Modern geoscience relies on fundamentals derived as much as a century ago under the severe constraints on observational knowledge of those early days. Brilliant geophysical and geochemical technology today depends for its application on 19th century geology, the principles of which fail to take into account new observational knowledge. From cold fusion to the red shift, much has been written opining the resistance to new ideas in science. Incongruent new data are ignored when theory fails to support observation. Instead of dealing with the fundamentals, scientists prefer to tinker with existing theory.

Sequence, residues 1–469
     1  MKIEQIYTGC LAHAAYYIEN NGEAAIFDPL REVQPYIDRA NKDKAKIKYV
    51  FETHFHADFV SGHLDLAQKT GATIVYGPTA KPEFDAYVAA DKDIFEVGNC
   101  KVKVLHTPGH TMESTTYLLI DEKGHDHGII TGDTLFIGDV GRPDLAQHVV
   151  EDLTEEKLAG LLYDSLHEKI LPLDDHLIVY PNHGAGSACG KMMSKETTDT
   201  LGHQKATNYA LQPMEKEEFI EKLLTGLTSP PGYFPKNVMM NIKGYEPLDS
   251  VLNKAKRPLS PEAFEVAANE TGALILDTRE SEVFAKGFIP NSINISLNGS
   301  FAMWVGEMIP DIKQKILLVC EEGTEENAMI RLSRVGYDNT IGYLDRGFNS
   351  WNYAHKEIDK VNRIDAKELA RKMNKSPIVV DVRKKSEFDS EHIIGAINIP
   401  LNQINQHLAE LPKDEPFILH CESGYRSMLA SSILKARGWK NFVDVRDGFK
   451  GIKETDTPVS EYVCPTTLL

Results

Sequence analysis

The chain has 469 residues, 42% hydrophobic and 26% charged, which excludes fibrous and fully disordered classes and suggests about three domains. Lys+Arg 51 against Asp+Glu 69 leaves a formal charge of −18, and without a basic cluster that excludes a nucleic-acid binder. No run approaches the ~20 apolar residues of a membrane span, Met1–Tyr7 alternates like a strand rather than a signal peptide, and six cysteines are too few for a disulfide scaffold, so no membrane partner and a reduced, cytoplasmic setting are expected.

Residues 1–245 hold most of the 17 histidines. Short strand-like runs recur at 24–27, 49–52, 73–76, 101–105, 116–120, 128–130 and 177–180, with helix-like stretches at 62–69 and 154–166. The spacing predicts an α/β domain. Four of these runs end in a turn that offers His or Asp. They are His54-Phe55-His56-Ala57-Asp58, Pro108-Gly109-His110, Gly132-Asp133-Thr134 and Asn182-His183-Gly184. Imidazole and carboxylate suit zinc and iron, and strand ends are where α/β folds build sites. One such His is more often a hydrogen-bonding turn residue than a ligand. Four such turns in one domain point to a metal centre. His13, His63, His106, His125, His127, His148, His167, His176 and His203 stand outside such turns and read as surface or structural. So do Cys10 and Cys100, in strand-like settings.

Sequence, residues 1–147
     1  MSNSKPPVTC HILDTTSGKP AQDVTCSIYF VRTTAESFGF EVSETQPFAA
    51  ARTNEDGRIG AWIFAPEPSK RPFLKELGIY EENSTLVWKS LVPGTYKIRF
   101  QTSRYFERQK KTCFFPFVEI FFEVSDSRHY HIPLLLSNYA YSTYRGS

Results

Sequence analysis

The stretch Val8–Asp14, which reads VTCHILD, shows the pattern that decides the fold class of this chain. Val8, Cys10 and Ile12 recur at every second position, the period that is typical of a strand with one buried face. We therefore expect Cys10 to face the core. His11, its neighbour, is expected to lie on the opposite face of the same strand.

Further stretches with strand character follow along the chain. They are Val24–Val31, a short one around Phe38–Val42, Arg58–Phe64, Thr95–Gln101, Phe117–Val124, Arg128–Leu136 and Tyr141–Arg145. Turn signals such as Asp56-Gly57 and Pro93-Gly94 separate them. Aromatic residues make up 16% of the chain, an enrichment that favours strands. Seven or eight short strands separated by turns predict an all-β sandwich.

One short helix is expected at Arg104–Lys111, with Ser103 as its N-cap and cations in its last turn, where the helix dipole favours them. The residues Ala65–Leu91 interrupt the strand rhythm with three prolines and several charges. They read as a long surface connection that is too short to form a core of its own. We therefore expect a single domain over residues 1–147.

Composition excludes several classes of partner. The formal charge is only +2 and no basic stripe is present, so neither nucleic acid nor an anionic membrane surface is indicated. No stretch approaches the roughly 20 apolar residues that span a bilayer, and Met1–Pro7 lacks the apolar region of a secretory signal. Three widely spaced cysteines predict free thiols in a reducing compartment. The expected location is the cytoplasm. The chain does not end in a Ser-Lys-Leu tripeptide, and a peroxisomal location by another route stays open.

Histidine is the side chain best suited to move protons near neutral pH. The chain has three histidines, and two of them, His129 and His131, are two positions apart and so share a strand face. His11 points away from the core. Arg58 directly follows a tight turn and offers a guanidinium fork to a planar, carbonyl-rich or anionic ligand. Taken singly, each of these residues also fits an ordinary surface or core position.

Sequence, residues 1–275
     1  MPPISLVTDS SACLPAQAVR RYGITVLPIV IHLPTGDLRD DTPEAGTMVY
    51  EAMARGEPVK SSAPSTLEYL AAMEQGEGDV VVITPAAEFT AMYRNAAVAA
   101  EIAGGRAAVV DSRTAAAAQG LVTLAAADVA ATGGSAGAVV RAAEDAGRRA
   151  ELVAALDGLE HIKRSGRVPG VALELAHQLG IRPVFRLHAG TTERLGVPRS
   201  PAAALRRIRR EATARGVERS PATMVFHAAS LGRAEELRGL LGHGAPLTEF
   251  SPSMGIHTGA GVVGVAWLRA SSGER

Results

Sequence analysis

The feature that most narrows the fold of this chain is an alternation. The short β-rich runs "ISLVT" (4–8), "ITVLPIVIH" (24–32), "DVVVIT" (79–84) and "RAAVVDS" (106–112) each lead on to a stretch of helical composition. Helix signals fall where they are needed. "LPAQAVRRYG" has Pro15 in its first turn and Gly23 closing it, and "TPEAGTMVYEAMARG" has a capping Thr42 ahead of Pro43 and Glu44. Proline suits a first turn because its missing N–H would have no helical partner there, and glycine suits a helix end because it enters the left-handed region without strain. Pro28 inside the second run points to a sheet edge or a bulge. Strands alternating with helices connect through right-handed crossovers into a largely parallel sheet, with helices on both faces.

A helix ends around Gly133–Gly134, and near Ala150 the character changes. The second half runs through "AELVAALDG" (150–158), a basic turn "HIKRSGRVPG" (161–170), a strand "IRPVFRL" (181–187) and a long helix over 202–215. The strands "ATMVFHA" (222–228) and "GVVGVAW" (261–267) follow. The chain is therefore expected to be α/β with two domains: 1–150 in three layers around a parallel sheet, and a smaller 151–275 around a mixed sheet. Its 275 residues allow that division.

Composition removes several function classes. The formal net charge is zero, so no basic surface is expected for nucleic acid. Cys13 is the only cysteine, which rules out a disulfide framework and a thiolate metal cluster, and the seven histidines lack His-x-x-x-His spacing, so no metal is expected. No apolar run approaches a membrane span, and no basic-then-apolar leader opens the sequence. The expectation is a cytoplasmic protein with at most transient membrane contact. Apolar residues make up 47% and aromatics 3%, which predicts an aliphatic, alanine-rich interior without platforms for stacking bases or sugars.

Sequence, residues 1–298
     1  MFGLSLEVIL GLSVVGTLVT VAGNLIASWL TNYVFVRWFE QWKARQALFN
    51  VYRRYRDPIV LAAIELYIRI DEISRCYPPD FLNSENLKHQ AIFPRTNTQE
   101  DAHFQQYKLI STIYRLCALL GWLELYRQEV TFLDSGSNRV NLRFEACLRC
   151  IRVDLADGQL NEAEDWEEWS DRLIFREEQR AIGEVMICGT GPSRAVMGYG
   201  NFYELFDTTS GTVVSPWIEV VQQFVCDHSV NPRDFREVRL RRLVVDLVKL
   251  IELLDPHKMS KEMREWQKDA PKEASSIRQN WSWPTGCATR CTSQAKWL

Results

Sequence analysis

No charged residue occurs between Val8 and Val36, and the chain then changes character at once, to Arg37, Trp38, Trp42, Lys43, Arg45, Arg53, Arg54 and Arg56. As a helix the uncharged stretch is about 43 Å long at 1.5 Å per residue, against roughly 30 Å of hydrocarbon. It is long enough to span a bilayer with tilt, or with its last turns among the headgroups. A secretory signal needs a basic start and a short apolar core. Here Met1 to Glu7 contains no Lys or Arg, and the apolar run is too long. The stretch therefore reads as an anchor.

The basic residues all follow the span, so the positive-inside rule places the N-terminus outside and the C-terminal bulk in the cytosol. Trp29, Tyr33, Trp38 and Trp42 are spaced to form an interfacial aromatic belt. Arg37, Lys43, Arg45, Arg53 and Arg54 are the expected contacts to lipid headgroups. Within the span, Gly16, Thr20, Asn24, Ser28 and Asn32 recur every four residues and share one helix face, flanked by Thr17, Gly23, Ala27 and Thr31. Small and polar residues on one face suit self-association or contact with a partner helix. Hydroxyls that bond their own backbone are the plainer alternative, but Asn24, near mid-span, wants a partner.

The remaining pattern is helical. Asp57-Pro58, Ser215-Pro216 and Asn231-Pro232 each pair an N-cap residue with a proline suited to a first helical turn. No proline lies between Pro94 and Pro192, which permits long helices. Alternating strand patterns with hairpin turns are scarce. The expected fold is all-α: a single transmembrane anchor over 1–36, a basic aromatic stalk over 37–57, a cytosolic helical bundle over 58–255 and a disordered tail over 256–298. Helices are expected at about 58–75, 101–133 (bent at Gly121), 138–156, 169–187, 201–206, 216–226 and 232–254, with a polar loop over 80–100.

I will discuss two antique geological ideas that prevail despite evidence that they should be relegated to the archives; first, the concept that granitoid rocks have exclusively magmatic-intrusive origins and its corollary, the fiction that there is no possibility for sedimentary-type, clastic lithologies within or below a granitoid body unless tectonics has placed them there, and second, the attribution of hydrocarbon origins exclusively to biomass degradation, and its corollary, the notion that hydrocarbons only originate in sedimentary rock where biomass could have accumulated, never beneath it in the crystalline basement or plastic mantle of our planet.